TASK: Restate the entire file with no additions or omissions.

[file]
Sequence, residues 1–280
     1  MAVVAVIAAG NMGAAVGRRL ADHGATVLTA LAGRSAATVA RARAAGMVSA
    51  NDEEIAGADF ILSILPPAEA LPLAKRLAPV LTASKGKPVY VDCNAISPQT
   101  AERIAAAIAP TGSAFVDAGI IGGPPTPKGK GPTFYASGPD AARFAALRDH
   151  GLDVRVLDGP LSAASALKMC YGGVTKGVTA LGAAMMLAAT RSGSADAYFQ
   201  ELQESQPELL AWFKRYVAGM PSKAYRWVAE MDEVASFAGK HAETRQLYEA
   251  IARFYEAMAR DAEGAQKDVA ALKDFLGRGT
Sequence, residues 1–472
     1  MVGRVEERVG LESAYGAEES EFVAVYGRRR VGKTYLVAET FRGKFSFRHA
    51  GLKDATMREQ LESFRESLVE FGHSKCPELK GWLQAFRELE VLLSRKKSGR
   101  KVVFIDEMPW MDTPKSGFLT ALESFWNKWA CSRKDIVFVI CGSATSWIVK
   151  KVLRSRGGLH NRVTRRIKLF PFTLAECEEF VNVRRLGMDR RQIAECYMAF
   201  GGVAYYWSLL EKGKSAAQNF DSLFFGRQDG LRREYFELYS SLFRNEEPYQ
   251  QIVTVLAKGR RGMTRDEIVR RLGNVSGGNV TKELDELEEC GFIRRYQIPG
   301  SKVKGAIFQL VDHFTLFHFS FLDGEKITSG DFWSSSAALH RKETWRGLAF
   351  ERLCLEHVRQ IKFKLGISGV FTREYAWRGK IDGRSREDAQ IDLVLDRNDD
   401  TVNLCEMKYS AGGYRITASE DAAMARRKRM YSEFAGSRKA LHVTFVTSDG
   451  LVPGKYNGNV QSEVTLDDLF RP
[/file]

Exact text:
Sequence, residues 1–280
     1  MAVVAVIAAG NMGAAVGRRL ADHGATVLTA LAGRSAATVA RARAAGMVSA
    51  NDEEIAGADF ILSILPPAEA LPLAKRLAPV LTASKGKPVY VDCNAISPQT
   101  AERIAAAIAP TGSAFVDAGI IGGPPTPKGK GPTFYASGPD AARFAALRDH
   151  GLDVRVLDGP LSAASALKMC YGGVTKGVTA LGAAMMLAAT RSGSADAYFQ
   201  ELQESQPELL AWFKRYVAGM PSKAYRWVAE MDEVASFAGK HAETRQLYEA
   251  IARFYEAMAR DAEGAQKDVA ALKDFLGRGT
Sequence, residues 1–472
     1  MVGRVEERVG LESAYGAEES EFVAVYGRRR VGKTYLVAET FRGKFSFRHA
    51  GLKDATMREQ LESFRESLVE FGHSKCPELK GWLQAFRELE VLLSRKKSGR
   101  KVVFIDEMPW MDTPKSGFLT ALESFWNKWA CSRKDIVFVI CGSATSWIVK
   151  KVLRSRGGLH NRVTRRIKLF PFTLAECEEF VNVRRLGMDR RQIAECYMAF
   201  GGVAYYWSLL EKGKSAAQNF DSLFFGRQDG LRREYFELYS SLFRNEEPYQ
   251  QIVTVLAKGR RGMTRDEIVR RLGNVSGGNV TKELDELEEC GFIRRYQIPG
   301  SKVKGAIFQL VDHFTLFHFS FLDGEKITSG DFWSSSAALH RKETWRGLAF
   351  ERLCLEHVRQ IKFKLGISGV FTREYAWRGK IDGRSREDAQ IDLVLDRNDD
   401  TVNLCEMKYS AGGYRITASE DAAMARRKRM YSEFAGSRKA LHVTFVTSDG
   451  LVPGKYNGNV QSEVTLDDLF RP